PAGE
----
National Volunteers Week – Independent Custody Visitor Blog


June 1, 2021

Laura and John from the ICV Scheme in Scotland

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Many people may have heard the phrases “Independent Custody Visitor” and the “Independent Custody Visiting Scheme” and may be wondering what it is all about.

Our role as Independent Custody Visitors (ICVs) is based upon checking on the welfare of detainees, who have been arrested by police officers on suspicion of committing a crime, and held in police custody, until they can appear in court.

Our responsibilities as ICVs include attending continuing professional development training, to keep our skills up to date, to attend at custody centres unannounced and in pairs, to interview detainees, in relation to their welfare. We show our ID cards on arrival and ask if this is a suitable time to speak to the detainees. Some detainees may be out for police or solicitor interviews, or at hospital. Not all detainees wish to speak with us, it is their choice, after custody staff have explained the purpose of our visit, using a cue card.

We also check out and report on the condition of the custody suite, observing any potential danger to detainees such as ligature points or damage to the cells, and report any concerns found.

ICVs have a pre-printed checklist, with questions ranging from “Do you understand why you are detained?” through to “Is your toilet working?” We then discuss with the custody staff any concerns the detainees have expressed or any concerns we may have. We then complete a visitor report form, which the Custody Sergeant reads, and writes any relevant comments, before signing. We also sign this form, and we post it to the Independent Custody Visiting Scotland (ICVS) co-ordinator.

The content of these forms is discussed at quarterly meetings, attended by Senior Police Officers, the Co-ordinator, and Custody Visitors. The police will give an update on their response to any issues which had been raised.

The initial training for ICVs, once they have gone through the selection process, is quite intense but enjoyable. This training gives an overview of the law to which the police operate.

New visitors will be teamed up with a more experienced visitor to begin with, prior to them taking the lead on a visit, to allow their self-confidence and skills to develop.

What attracted us to volunteer with the Independent Custody Visiting Scheme.

Around 15 and a half years ago, we read an advert in a local newspaper, asking for volunteers to apply for this scheme. The advert was intriguing, and we wanted to find out more, about the challenges behind the advert. People from all walks of life, and ages apply to be ICVs. Some people stay for years, others stay a short time, depending on their personal circumstances. We were employed in shift working and found that we could fit the commitments around our free time. We enjoy being part of the team, where there is a good comradery between fellow visitors and the co-ordinating team. All visitors are equal.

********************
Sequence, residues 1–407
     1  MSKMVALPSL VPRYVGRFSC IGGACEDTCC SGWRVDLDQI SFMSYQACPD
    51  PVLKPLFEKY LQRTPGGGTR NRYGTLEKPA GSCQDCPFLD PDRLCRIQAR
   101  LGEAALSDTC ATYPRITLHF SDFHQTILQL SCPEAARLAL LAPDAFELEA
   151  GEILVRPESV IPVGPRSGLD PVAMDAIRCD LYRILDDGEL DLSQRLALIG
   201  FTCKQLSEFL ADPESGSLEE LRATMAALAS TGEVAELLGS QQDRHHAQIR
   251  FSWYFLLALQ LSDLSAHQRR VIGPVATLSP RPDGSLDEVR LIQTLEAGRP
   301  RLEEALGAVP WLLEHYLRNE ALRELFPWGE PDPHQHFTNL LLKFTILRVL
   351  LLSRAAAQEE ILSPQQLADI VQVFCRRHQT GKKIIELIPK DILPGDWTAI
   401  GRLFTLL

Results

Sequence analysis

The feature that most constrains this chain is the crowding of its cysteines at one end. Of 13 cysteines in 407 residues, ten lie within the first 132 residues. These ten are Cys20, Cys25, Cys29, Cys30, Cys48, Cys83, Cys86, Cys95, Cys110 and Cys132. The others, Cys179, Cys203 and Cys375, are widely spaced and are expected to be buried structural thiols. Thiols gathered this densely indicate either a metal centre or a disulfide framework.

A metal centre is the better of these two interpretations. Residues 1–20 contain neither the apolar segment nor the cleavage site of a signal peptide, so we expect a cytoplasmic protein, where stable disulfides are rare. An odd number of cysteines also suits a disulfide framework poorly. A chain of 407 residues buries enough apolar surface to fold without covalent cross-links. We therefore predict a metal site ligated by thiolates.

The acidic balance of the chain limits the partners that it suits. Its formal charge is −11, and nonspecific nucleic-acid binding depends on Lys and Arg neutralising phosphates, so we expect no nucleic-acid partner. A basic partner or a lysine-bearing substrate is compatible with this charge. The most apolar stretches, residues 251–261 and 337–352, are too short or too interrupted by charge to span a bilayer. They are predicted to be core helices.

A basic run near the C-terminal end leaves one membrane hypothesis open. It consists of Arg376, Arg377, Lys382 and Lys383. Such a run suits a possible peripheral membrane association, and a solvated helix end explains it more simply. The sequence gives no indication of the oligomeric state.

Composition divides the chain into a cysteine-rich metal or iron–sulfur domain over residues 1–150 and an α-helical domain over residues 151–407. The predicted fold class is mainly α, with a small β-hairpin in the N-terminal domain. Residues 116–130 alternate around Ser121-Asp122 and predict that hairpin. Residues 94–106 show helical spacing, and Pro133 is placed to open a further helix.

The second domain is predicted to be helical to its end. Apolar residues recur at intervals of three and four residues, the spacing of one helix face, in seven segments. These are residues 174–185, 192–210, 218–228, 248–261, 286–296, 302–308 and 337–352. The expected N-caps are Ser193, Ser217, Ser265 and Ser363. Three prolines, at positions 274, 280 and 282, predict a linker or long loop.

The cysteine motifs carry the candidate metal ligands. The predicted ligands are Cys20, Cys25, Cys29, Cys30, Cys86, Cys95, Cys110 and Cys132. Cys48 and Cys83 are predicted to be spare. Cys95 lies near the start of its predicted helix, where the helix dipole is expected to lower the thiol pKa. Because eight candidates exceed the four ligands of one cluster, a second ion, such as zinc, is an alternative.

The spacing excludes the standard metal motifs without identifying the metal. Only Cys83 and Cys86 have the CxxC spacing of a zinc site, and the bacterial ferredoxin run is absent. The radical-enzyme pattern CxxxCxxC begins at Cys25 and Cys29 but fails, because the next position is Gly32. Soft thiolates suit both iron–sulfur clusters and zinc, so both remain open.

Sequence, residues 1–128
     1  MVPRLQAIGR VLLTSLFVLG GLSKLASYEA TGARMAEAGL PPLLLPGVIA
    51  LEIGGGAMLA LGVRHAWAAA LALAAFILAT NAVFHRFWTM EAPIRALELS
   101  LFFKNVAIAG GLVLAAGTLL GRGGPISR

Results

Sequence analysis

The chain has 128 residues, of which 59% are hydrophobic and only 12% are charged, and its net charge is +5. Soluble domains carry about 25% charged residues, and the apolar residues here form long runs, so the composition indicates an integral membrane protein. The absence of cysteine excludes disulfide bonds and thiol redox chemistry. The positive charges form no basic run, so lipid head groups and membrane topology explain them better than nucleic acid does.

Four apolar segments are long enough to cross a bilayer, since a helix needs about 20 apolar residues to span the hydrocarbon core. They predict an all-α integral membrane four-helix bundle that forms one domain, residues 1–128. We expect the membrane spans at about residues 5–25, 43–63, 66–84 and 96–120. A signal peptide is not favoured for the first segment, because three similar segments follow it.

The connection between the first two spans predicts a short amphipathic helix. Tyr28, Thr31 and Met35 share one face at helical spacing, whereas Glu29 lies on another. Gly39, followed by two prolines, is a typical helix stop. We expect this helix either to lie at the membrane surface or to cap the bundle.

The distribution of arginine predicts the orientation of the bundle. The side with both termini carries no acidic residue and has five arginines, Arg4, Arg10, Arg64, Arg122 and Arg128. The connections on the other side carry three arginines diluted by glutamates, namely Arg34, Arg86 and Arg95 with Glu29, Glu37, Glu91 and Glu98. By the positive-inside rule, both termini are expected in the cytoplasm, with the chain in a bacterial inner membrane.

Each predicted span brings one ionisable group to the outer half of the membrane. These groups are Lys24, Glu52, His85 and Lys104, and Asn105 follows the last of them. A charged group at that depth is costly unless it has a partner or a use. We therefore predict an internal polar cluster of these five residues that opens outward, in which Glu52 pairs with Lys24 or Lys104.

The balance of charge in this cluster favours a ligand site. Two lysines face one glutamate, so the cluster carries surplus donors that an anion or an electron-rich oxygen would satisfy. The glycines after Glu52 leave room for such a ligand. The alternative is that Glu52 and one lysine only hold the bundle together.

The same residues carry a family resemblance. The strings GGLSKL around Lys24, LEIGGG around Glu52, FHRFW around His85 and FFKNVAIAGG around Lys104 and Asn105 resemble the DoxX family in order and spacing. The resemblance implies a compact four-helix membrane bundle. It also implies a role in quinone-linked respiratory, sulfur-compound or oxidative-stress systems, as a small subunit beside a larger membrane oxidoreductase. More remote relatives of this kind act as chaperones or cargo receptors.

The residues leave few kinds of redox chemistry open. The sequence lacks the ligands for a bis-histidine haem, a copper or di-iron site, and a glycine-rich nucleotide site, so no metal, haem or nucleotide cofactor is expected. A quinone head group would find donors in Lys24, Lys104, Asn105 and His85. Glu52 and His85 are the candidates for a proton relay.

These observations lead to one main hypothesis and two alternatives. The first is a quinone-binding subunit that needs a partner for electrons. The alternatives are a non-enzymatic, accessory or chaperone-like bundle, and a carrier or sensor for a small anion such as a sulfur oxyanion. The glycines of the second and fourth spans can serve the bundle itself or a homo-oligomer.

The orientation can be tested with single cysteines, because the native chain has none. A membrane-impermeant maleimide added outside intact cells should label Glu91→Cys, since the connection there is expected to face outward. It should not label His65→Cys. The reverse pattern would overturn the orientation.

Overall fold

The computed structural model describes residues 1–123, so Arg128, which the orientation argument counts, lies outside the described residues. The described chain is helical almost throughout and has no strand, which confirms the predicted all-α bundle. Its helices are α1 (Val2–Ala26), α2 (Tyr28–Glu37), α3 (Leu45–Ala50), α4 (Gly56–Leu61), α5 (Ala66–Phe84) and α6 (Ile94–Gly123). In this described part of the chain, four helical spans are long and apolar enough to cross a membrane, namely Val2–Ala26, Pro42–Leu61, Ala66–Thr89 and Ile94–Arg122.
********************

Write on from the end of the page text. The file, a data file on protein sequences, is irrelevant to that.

What are we proud of?

The number of years we have been involved in the Independent Custody Scheme, the people we have met, the places we have visited from one cell police stations to those which are as modern as the Star Ship Enterprise! From the Isle of Skye to City Centres, and from coastal towns to county towns.

Regardless of where the custody centre is located our focus is always the same, to check on the welfare of the detainee.

We can come across detainees who has not mentioned their medicines to the custody staff, and we can then bring this to the attention of the staff to ensure that the detainee has the medical care they need. There are other occasions where detainees may have requested to see a doctor, or indeed, if a next of kin has been notified, and we bring these issues to the attention of staff which can result in the staff updating and reassuring the detainee.

We are proud of the integrity and professionalism of our fellow visitors and of the teamwork that exists between us all.

What do we find rewarding about Independent Custody Visiting?

The satisfaction of knowing that we are part of a team, dedicated to the welfare of detainees, and safeguarding their rights, knowing, that most friends or relatives of detainees are unaware that we provide a transparency overview, which ensures equal treatment whilst their friend or relative is being held at local custody centres, prior to their appearance in court.

Covid Restrictions when visiting.

With Covid restrictions in place, visiting has been done by phone and the quarterly meetings have taken place virtually, for over a year now. It is hoped that face to face visits and meetings will take place soon.

Why not give Custody Visiting a try yourself?

 There is never a dull moment, and as you have read it can be rewarding to be a part of an organisation that focusses on fairness and welfare of the detainee. Being an independent custody visitor can also be beneficial to your own self-esteem, and sense of well-being.


Best Wishes,

Laura and John.